The Government’s handling of the Owen Paterson affair has been extraordinarily abysmal. It is difficult to conceive of how it might plausibly have handled the issue worse.
Had it done nothing, Paterson would have served a 30-day suspension. The opposition parties might, and only might, have been able to drum up sufficient signatures to trigger a recall by-election. But in a true-blue seat, and with his long years of incumbency, Paterson would almost certainly have won.
Instead, his career is over and the Conservative Party now faces what could be a much trickier contest.
More importantly, it has also poisoned the well for reforming the way complaints against MPs are handled by making it inextricable from what looks like a fairly blatant attempt to get a popular colleague off the hook. (For all the smoke that has been thrown up, there doesn’t seem to be any suggestion that Paterson didn’t breach regulations and promote the interests of companies he was paid to advise without declaring it. That’s presumably why the committee of MPs which considers the findings of the Commissioner – including three of its four Conservative members – signed off on the report.)
There is still a good case for taking a second look at these procedures. But any such reform always needed to be handled with great care, for at least two reasons.
First, reform needs to be enacted on a non-partisan basis and command the confidence of the other side. Changes delivered on a three-line whip, with the support of only one non-Tory MP, very obviously fail this test. The Government has duly been beaten into an embarrassing but entirely predictable retreat.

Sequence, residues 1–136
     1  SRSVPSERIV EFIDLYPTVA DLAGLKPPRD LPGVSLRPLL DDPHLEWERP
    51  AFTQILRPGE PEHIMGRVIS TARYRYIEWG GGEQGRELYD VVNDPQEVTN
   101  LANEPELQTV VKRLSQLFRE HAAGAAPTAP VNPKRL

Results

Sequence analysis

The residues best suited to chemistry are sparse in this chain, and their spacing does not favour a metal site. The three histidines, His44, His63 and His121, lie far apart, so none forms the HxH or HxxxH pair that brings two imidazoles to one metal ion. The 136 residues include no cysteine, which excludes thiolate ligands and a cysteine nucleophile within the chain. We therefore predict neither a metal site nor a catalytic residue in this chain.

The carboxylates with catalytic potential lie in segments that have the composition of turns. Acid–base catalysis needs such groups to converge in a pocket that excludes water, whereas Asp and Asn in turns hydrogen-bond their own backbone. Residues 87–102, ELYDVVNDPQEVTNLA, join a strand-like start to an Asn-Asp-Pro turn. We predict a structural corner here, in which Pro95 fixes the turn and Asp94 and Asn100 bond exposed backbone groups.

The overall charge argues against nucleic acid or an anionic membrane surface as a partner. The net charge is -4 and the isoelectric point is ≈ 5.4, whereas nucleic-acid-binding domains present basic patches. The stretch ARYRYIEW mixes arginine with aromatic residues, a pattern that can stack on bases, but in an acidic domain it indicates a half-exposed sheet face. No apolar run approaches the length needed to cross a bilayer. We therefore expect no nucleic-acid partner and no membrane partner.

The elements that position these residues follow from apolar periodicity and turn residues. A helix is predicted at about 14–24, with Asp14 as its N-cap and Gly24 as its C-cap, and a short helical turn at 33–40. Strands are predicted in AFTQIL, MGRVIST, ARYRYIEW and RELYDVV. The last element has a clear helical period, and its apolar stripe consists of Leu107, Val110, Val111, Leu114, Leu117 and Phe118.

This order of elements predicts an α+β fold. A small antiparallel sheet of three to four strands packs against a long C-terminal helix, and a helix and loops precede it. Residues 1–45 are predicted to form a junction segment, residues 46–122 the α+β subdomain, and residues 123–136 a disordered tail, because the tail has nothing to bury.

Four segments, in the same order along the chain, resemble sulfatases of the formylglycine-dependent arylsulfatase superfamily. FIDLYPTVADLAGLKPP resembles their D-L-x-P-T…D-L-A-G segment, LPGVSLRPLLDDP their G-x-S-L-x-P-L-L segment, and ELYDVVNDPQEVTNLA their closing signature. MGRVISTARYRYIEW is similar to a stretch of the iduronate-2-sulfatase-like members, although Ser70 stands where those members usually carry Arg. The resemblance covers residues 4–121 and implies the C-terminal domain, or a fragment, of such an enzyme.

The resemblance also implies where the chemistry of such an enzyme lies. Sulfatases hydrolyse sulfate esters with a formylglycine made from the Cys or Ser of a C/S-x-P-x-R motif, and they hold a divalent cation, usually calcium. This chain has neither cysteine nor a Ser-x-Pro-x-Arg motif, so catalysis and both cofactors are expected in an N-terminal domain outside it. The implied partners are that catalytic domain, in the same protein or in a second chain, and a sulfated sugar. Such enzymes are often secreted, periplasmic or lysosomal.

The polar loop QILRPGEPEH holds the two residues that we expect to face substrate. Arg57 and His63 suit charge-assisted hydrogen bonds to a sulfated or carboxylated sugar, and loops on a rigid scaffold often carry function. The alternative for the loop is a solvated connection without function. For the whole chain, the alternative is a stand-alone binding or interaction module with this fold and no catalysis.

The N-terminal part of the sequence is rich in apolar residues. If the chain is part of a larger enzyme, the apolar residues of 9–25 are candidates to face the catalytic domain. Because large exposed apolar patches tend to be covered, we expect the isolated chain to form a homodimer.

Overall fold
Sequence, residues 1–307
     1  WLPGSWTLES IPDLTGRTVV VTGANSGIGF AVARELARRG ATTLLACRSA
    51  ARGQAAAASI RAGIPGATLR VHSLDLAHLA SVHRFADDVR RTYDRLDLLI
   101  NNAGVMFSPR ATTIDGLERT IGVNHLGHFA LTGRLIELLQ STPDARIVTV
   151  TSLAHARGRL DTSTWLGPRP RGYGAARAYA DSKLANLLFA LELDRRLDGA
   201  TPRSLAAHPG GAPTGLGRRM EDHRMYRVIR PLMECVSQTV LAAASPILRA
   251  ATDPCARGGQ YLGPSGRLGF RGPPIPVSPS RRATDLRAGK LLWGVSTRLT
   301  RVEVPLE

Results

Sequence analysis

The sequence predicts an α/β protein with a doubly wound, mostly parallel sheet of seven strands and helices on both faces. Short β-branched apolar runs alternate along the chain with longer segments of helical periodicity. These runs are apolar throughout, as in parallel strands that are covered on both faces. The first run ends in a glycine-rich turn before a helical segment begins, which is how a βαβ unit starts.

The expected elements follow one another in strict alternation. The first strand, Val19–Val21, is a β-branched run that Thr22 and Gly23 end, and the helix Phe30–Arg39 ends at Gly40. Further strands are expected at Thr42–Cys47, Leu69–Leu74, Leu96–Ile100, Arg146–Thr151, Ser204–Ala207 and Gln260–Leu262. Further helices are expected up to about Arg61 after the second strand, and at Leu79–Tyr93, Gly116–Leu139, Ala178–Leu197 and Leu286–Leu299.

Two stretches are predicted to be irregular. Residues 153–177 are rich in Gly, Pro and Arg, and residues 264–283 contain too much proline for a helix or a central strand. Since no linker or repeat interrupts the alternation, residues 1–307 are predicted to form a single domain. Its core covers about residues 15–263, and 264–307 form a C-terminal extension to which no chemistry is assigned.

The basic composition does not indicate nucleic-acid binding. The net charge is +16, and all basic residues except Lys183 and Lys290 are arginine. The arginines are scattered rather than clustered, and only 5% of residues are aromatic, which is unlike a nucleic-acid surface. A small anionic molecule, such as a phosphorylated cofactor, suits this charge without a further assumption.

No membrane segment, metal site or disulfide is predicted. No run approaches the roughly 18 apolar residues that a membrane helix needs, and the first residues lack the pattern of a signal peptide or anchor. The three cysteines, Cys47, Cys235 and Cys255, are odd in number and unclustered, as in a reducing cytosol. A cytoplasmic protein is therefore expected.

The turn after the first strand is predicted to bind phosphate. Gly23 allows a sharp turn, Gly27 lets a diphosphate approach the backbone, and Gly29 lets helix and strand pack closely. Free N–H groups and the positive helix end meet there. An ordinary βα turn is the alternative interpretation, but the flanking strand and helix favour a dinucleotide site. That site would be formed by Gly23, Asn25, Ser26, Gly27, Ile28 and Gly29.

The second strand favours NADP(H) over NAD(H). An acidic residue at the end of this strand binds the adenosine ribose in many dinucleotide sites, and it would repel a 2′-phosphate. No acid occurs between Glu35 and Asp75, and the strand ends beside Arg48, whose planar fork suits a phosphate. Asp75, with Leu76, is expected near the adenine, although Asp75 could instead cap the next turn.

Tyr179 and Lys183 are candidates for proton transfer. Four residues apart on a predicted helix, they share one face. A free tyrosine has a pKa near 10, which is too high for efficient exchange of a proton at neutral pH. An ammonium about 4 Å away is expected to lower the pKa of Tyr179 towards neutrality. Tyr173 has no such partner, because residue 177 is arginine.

But second, because Parliament occupies a necessarily unique place in our constitution. At present, its scrutiny procedures reflect this. For all the complaining, there is a strong case that ultimately Parliament must police itself, because to do otherwise is to risk giving external forces undue influence on what is supposed to be our supreme democratic organ.
Reforms being proposed by some Tories do reflect this consideration. Anthony Mangnall, writing on ConservativeHome, suggested replacing the external Commissioner with a panel drawn from members of the House of Lords with legal and judicial experience.
Taken at face value, this seems like an elegant reform. It abides by the principle of parliamentary supremacy, avails itself of the vast pool of under-utilised talent in the Upper House, and addresses the problem of ‘quis custodiet ipsos custodes?’ by having one part of Parliament scrutinise another.
Yet by proceeding as they have, the Tories have if anything bolstered the opposite cause. The Commissioner is safe in her post and advocates of more entrenchment and a bigger role for various non-political bodies have been given licence to advocate for the reining in of parliamentary privileges.
Indeed, this unhappy cause has, if anything, been directly strengthened by Paterson’s own arguments, which rest in part on the suggestion that he ought to have recourse to the sort of measures one expects in a normal workplace.
But Parliament is not, should not be, and perhaps cannot be, simply another workplace. A Government worried about the ‘culture war’ ought to know this, as one feature of that struggle is the stifling effect that corporate culture and overzealous HR enforcement can have on free speech and expression.
Conservatives should be very wary of anything that might enable or accelerate the spread of this sort of compliance culture to the legislature. Parliament, unlike any other workplace in the United Kingdom, is a sovereign forum. That, and its representative character, justify different arrangements.
But if these arrangements are to be maintained, MPs have a duty to demonstrate that they can perform them. There needs to be a broad consensus on the enforcement of the rules and the punishment of wrongdoing. It is when these break down that appeals to external authorities gain a hearing. And it is these that the Government has undermined with its woeful conduct over Paterson.
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